Additionally, our friend notes correctly that Nietzsche did much to attempt to break through this conundrum — if largely by sweeping away the philosophers and religionists altogether and starting over! Nietzsche seeks to identify the primordial motion within us, rejecting ideas of consciousness up to that time as contrived projections. He hits upon the formula of will, but the conundrum of consciousness and the contrived state of mind when functioning as a social and cultural “will” still needs to be integrated. That was the challenge for existentialism in the twentieth century, or at least in part. Western thought is still preoccupied with things “post-creation” — and not making much progress in insight. Western thought is by-and-large not working on the primordial, the indeterminate.


Many popular images are intended to demonstrate that how we view things is a matter of perspective. For example, the image of a glass of water: the optimist says it is half-full, and the pessimist says it is half-empty. All a matter of perspective, we are told triumphantly.

Except that the perspective cannot end with the glass as is. The water in the glass is at a specific level and how it got that way we don’t know, but it matters. In real life we tend to accept conditions and situations because their mere existence gives them credence; their longevity or their persistence tends to legitimize them as necessary and real. As Hegel insisted, “What is real is right, what is right is real.”

Both perspectives of looking at the glass of water are looking not at the past or even the present but extrapolating into the future. The optimist says, “It can always be filled up,” while the pessimist replies, “It can always be emptied altogether.” Perspective is not just a matter of what exists here and now. Perspective must take into account a variety of factors.

In Hindu tradition, the story of the person entering a house at dusk and mistaking a coil of rope for a serpent is an old parable. The story illustrates not just how we mistakenly perceive things (that are remedied with time) but how we respond emotionally to misperceptions and assumptions.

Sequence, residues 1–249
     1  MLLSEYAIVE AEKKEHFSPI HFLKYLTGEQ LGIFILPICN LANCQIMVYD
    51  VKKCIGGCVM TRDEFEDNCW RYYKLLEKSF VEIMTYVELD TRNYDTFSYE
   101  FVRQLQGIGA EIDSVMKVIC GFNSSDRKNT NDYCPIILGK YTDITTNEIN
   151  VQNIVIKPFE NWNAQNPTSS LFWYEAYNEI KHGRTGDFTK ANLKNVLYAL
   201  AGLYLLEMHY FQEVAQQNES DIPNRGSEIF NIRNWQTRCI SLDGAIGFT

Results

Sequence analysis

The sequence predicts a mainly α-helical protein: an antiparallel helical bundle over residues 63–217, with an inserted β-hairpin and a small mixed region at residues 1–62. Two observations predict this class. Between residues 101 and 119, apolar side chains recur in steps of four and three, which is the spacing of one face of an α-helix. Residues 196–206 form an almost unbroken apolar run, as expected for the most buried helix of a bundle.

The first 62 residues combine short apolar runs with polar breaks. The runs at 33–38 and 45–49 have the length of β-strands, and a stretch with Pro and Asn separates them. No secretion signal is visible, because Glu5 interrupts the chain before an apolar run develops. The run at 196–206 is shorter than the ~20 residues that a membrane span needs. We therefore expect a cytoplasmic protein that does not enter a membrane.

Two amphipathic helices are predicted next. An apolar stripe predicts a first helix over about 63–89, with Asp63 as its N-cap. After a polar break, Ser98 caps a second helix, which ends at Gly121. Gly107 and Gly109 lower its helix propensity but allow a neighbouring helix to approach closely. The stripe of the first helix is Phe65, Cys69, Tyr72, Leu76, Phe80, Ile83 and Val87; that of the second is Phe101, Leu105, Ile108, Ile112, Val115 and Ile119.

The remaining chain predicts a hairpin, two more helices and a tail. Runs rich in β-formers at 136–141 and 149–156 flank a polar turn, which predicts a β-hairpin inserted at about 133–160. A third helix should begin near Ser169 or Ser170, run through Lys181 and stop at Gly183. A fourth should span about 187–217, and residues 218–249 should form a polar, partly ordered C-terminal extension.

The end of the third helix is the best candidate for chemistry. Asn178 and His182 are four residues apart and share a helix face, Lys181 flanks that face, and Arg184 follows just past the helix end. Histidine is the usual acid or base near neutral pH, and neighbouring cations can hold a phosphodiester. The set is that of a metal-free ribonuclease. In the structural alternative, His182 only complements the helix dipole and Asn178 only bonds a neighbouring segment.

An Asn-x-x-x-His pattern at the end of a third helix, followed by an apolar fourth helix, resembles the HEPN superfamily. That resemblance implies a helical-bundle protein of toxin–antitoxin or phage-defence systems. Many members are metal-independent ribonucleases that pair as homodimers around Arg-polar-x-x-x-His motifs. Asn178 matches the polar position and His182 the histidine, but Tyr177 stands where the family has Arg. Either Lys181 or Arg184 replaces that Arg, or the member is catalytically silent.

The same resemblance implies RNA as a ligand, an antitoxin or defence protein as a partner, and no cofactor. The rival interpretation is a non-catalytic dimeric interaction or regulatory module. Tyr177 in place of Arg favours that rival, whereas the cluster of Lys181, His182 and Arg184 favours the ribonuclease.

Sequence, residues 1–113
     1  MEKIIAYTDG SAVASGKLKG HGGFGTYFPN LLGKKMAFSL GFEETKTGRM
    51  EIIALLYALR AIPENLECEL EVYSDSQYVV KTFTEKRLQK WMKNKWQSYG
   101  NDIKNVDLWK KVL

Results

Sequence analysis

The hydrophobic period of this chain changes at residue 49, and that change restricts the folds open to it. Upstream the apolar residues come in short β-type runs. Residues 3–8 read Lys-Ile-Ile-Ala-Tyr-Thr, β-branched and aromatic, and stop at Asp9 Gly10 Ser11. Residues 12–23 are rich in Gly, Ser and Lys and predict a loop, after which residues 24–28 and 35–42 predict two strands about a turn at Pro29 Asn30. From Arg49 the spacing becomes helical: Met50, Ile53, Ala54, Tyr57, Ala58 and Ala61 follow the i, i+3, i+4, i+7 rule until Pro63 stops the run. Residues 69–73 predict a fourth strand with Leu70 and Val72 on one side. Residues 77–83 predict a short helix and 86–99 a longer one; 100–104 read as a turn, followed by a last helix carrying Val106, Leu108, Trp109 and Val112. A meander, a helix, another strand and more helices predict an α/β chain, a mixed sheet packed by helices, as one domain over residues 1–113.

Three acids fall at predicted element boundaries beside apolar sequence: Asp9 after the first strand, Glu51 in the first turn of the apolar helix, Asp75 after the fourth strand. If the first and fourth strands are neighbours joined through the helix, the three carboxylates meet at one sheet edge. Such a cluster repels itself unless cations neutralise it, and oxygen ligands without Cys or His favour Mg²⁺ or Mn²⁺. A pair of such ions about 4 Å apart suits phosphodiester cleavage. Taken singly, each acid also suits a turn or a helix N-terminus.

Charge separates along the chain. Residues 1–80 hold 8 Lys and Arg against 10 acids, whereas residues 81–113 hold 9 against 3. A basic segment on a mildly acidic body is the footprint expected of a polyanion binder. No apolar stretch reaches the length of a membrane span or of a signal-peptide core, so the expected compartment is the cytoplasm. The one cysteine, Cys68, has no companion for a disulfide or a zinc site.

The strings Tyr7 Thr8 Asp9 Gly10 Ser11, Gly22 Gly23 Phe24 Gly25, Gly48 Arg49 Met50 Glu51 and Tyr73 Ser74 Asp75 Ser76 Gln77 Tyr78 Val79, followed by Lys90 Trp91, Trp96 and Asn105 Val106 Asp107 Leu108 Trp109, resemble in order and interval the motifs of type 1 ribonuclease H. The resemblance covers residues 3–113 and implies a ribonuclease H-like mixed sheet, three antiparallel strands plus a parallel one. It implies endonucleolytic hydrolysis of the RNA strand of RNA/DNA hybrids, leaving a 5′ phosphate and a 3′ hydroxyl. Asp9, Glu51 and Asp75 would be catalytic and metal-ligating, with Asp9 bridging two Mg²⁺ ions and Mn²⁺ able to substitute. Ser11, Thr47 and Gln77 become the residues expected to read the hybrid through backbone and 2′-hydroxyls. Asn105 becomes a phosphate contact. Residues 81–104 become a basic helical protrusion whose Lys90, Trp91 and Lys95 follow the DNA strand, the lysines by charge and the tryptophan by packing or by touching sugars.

The issue is not the physical limits of our optics and brain but the response that extends our personality and values. The apparent snake frightens us to no end, our heart racing, our palms sweating, blood rushing to our head. That is all physiology and much of it out of our control. But worse is how we implement subconsciously the values we have already cultivated. Do we prepare to strike violently with a shovel or whatever is at hand? Are we altogether paralyzed with indecision or fright? Do we run in fear? Or do we stay and observe just one fraction of a moment to allow comprehension to arise?

The snake and the rope is a parable for daily life experiences. Perspective has more to do with response than with action or miscalculation. Wise people doubt perception in the first place, not because they cannot judge or assess. Rather, they know that with values long cultivated and now steady and clear, all phenomena will fall into place for them. Judgment need not be instant or hasty. How long merely depends on how important the situation. And in many cases, the situation will end up being of low enough importance that the wise person will not have had to worry or be angry or be moved at all, as the situation merely falls away. Taoism considers inaction (wu wei) one of the highest virtues.

Nor is perspective a matter of cultures and societies and mores being relative; rather, these are expressions of physical and intellectual limitations, products of an unwise and unreflective collectivity. If we acknowledge the origins of ideas around us, we can begin to free ourselves from relativism. We are then able to organize what we perceive into a perspective that does not depend upon circumstance, accidentals, chance or the limitations of society, body, and mind.

Looking for consciousness